2021 Events Archive

Book presentation on Instrumental Music in Late Eighteenth-Century Naples by music Professor, Anthony Del Donna
followed by a concert performed by the early music ensemble, Modern Musick

Thursday, November 11 at 7:00pm
Intercultural Center Auditorium

In collaboration with the Georgetown Department of  Performing Arts, the Embassy of Italy, and the Italian Cultural Institute the Italian Research Institute of Georgetown College invites you to view a video of a conversation and discussion between Prof. Anthony DelDonna, author of Instrumental Music in Late Eighteenth-Century Naples: Politics, Patronage, and Artistic Culture  and Prof. Guido Olivieri from the University of Texas on the instrumental music in Naples in the context of eighteenth century Neapolitan culture.

GU Music Program Director and Prof. Anthony R. DelDonna’s latest book Instrumental Music in Late Eighteenth-Century Naples: Politics, Patronage, and Artistic Culture investigates the wide-ranging role of instrumental genres within late 18th-century Neapolitan culture and introduces readers to this rarely explored sector of local artistic life.

Join the author in conversation with Prof. Guido Olivieri (University of Texas at Austin) as they discuss the monograph and ongoing research into the instrumental music traditions of Naples.

Anthony R. DelDonna, Ph.D
Professor Musicology and Director of the Music Program at Georgetown University

Prof. DeDonna’s research focuses on stage drama, instrumental music, archival studies, and ballet appearing in numerous sources devoted to early modern Italy.  DelDonna is the author of the monographs Instrumental Music in Late Eighteenth-Century Naples: Politics, Patronage and Artistic Culture (Cambridge University Press, 2021) Opera, Theatrical Culture and Society in Late Eighteenth-Century Naples (Ashgate, 2012); co-editor of The Cambridge Companion to Eighteenth-Century Opera (Cambridge, 2009); and co-editor of Music as Cultural Mission: Explorations of Jesuit Practices in Italy and North America (St. Joseph University Press, 2014;). He is about to publish the critical edition of the opera, La ballerina amante (1782) by Domenico Cimarosa and he is working on a book focused on dance traditions in eighteenth-century Naples.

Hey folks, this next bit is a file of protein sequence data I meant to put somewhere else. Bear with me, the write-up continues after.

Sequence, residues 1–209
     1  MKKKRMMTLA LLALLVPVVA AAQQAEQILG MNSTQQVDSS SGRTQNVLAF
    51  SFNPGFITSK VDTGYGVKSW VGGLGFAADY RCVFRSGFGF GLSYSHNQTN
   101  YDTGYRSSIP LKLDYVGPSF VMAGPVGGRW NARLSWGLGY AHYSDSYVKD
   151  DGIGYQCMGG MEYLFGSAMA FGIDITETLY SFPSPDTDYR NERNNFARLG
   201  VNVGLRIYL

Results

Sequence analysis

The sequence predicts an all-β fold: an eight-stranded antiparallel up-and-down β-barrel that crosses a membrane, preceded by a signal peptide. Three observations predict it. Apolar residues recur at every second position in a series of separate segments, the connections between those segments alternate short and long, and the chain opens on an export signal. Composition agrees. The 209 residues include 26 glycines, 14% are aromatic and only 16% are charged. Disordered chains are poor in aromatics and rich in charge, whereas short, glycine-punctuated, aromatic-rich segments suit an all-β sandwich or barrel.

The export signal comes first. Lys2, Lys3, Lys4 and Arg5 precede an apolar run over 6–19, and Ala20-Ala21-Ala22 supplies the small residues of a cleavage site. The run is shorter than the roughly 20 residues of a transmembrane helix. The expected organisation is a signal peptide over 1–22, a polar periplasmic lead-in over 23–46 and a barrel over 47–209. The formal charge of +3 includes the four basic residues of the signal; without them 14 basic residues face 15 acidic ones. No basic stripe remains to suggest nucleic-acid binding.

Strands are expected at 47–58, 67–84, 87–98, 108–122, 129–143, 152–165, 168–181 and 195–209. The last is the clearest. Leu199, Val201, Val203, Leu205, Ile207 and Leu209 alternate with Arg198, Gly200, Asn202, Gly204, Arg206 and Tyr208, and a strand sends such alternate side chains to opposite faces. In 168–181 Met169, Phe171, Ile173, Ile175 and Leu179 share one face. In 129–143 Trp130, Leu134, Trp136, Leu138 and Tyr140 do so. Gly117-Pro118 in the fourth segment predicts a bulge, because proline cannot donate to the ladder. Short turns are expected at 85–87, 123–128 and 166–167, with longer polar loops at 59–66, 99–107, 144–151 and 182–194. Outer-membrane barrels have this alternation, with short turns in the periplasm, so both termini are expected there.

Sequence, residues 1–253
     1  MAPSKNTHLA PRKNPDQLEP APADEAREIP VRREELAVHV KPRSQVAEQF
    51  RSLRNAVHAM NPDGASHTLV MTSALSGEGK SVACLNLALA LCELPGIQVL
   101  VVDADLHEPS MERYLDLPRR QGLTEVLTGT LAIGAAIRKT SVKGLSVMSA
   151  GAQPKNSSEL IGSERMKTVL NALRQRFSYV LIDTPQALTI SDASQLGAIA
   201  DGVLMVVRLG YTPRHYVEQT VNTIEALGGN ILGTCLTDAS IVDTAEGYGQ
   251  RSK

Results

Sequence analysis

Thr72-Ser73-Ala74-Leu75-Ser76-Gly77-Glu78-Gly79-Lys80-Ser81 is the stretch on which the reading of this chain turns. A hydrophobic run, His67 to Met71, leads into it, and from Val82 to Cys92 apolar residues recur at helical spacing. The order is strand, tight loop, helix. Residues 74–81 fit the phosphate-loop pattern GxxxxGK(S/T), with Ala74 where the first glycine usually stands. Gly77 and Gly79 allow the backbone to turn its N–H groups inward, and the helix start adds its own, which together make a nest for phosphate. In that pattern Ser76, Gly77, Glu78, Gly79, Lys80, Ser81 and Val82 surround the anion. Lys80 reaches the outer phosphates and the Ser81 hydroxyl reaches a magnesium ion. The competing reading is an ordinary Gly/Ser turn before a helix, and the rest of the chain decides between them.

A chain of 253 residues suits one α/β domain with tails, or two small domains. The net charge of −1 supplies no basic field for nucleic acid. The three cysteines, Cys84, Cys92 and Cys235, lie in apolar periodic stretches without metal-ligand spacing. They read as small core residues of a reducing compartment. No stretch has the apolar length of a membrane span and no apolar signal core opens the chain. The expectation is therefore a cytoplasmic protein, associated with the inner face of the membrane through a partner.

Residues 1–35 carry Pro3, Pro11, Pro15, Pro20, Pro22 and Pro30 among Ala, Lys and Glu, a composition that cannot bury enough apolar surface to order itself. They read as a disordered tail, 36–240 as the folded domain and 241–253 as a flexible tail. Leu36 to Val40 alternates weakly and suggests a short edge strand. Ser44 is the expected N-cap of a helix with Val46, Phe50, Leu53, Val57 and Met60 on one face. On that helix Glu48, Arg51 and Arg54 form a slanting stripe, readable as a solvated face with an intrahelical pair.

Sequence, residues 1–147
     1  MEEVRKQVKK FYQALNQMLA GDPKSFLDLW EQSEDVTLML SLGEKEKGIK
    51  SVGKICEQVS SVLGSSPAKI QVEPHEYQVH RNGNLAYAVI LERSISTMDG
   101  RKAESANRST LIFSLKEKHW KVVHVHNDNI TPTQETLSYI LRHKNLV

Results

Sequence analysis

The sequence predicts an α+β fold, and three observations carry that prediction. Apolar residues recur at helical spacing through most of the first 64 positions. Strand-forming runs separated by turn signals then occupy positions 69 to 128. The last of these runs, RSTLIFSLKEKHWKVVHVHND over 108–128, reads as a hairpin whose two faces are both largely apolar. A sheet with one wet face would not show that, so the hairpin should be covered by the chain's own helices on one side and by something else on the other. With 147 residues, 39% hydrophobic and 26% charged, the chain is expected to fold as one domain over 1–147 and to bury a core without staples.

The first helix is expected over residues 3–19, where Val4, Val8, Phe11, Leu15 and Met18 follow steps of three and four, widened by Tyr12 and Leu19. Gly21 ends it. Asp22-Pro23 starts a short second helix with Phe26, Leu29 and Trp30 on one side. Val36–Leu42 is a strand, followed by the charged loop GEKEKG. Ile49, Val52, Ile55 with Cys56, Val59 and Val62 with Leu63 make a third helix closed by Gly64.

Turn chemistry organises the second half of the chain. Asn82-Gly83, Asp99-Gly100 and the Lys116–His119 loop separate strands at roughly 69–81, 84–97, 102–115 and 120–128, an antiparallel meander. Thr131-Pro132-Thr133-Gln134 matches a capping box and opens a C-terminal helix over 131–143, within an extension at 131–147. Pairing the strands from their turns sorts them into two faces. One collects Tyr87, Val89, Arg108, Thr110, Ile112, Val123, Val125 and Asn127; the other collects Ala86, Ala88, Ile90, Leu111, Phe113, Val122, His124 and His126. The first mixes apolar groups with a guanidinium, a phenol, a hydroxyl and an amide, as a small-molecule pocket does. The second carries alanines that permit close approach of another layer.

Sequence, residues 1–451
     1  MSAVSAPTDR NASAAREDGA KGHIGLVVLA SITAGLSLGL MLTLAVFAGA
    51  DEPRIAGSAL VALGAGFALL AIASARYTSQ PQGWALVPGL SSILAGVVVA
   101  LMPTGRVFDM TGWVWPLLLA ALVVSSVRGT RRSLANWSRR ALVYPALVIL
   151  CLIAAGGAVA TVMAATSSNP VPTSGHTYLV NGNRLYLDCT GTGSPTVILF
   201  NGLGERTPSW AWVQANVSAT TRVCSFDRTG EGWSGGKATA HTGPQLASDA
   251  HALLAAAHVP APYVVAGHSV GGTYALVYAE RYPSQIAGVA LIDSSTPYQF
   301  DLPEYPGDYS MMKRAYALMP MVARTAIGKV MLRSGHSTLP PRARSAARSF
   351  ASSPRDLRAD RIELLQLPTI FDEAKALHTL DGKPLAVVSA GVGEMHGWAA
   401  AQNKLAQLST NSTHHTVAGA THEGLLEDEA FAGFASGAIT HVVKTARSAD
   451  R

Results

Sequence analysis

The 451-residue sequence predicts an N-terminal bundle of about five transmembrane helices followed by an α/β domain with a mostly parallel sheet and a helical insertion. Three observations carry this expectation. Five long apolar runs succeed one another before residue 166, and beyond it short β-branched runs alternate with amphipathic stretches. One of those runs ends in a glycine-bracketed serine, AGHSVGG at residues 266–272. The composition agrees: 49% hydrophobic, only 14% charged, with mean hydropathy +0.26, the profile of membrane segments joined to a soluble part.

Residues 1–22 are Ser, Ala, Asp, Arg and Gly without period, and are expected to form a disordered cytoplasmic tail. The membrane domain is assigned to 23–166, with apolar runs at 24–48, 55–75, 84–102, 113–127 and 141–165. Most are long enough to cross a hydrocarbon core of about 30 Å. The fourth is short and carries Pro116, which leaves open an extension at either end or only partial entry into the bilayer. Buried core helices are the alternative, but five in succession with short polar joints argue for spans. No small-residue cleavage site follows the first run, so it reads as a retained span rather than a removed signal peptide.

Guido Olivieri, Ph.D
Professor of Musicology at the University of Texas at Austin

Prof. Olivieri teaches history of music and directs the UT Early Music Ensemble “Austinato.” Olivieri has published widely in English and Italian through peer-reviewed journals, articles and volumes devoted to early modern Italian music. He always championed the importance of making available musicological research to the general public. He has realized editions of the repertory he rediscovered and worked with international artists and ensembles specialized in early music. He has contributed to more than 10 CD projects and published the critical edition of a newly discovered manuscript sonatas by A. Corelli (Le sonate da camera di Assisi) and of two unknown cello sonatas by G. Bononcini. His current projects include the critical edition of Cimarosa’s masterwork Il matrimonio segreto (Bärenreiter) and a forthcoming book on instrumental music in Naples with Cambridge University Press

The conversation is followed by a concert of instrumental music performed by the music ensemble modern Musick. The program includes the following repertoire:

Alborea sonata for cello & BC in D major 

Cimarosa sonata in C major “per il fortepiano”, ms. 147

Mascitti sonata for violin, cello & BC in g minor, op. 6, no. 15

Guglielmi sonata in F major for kbd & violin, op. 2, no. 4